SDL began in 1966 in Nashville, Tennessee.  Dr. Stan Lindsey (1938-2014) was working for a steel fabricator, Volunteer Structures, and working towards his Ph.D. at Vanderbilt University. Volunteer Structures wanted a separate company solely for structural engineering and Dr. Lindsey agreed to lead that initiative. The firm’s first project was the design of a Student Union building at Tennessee Agricultural and Industrial State University, now Tennessee State University.

At that time, all engineering calculations and drafting were done by hand. The use of computers in design was very new, but Dr. Lindsey saw the value of using computers in design as a great opportunity to create efficient design calculations. With the firm’s connection to Vanderbilt University, SDL was able to have access to their computers. A graduate student named Jack Horner, who is still with the company as a Vice President, joined the firm and brought his thesis work developing frame analysis.

Due to its work at the forefront of the computing era and strong client relations, the company grew through the 1970’s. In 1982 SDL acquired an in-house computer system. This came with the influence of the new development of computer aided drafting and a push by Hospital Corporation of America to get their architects and engineers started on this new technology.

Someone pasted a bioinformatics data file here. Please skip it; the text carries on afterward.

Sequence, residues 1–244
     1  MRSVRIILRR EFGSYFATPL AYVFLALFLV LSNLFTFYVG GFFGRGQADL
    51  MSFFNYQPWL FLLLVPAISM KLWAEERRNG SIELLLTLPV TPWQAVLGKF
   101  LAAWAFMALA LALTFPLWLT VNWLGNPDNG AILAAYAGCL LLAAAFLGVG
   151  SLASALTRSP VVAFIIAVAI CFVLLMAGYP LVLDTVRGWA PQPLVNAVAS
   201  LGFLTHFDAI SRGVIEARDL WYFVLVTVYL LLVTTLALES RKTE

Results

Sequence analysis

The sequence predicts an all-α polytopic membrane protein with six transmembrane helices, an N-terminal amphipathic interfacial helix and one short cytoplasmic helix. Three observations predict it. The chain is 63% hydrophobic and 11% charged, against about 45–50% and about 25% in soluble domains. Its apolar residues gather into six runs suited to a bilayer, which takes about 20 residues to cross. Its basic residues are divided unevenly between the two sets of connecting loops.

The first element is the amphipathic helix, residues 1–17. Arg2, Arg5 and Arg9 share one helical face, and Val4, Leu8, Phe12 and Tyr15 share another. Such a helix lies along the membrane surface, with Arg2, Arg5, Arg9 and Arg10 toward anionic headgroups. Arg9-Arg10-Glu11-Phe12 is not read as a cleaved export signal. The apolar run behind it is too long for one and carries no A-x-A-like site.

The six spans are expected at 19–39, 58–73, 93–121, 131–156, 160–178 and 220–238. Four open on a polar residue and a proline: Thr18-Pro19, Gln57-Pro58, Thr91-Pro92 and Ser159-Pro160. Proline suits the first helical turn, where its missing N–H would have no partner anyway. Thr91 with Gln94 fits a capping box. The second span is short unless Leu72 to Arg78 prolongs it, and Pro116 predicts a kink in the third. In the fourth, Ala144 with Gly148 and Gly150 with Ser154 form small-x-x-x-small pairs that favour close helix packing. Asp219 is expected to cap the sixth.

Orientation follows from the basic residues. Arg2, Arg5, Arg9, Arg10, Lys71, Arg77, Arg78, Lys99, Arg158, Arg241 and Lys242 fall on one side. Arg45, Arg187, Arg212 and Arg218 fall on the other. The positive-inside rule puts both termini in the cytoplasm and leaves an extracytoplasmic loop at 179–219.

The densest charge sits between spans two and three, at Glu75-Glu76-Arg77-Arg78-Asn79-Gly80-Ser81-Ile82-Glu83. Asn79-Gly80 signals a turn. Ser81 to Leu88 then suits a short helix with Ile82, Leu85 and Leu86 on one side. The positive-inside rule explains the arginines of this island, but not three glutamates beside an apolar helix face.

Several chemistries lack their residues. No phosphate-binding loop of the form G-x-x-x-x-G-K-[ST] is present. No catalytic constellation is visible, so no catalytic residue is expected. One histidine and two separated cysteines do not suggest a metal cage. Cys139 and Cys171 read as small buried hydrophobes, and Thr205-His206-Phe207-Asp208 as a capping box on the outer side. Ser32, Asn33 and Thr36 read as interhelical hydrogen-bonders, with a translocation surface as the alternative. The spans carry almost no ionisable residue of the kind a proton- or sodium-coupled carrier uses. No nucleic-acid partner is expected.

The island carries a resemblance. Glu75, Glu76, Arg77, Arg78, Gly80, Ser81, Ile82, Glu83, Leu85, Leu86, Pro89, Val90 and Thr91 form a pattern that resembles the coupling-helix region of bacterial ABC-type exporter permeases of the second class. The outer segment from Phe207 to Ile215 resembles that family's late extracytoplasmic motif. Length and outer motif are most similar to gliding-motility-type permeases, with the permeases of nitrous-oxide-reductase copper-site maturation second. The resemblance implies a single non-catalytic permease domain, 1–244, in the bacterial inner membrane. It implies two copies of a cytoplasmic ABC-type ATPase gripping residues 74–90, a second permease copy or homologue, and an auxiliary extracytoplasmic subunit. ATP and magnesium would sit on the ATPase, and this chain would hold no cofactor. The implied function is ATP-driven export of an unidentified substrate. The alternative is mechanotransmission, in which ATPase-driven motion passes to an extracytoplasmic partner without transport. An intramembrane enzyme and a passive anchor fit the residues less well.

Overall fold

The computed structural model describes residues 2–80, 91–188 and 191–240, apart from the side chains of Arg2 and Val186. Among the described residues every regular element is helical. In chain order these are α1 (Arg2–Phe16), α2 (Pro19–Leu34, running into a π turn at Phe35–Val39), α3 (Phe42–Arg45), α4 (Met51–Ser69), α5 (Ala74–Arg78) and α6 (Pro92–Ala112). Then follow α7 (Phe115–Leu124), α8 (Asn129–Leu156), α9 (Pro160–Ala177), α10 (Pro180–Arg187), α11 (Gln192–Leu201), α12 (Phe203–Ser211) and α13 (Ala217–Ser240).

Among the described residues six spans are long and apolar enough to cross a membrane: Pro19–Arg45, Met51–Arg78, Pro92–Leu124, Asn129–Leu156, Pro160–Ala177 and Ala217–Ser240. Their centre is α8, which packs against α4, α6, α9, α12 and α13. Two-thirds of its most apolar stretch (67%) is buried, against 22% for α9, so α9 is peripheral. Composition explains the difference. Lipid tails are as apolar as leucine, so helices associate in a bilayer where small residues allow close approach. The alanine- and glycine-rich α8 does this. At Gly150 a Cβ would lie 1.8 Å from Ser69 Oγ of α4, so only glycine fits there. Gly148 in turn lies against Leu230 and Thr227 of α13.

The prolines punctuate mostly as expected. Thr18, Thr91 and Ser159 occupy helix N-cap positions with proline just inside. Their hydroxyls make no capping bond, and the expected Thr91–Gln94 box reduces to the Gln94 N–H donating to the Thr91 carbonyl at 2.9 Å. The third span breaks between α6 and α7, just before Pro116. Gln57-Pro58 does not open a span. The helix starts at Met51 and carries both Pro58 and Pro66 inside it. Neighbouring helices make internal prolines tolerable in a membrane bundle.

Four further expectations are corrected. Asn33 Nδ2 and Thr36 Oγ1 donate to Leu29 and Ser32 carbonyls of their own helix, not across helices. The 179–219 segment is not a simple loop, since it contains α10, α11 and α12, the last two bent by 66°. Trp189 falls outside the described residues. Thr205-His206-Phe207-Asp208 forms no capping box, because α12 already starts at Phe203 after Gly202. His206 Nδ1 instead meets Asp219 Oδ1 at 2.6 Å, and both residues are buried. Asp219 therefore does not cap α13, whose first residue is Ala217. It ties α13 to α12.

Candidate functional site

In the late 1980’s Atlanta was a quickly growing market with several architect clients based there. Mike Regen, a field engineer at the time and now a Vice President, moved to Atlanta in 1989 to perform construction administration on various Atlanta projects establishing SDL’s Atlanta office. In 1990 Dr. Lindsey and eight additional employees from the Nashville office moved to Atlanta to officially open the office.

Over the next 20 years both offices experienced growth and designed signature projects throughout the southeast and nation with numerous repeat clients. The company was recognized with awards from AISC and ACI for innovative and creative designs.

In 2002, Dr. Lindsey sold his majority stake in the company to four long-time employees and a transition of the company began in terms of personnel but not in philosophy. Dr. Lindsey moved to Savannah and became a professor in the School of Civil and Environmental Engineering at the Georgia Institute of Technology teaching students in the practical art of design. Dr. Lindsey passed away suddenly in 2014 on his horse farm, leaving behind his wife, children, and a company indebted to his vision.  The company continues to thrive under the leadership of four majority shareholders and maintain the essence of Dr. Lindsey’s founding ideals of innovation and practicality.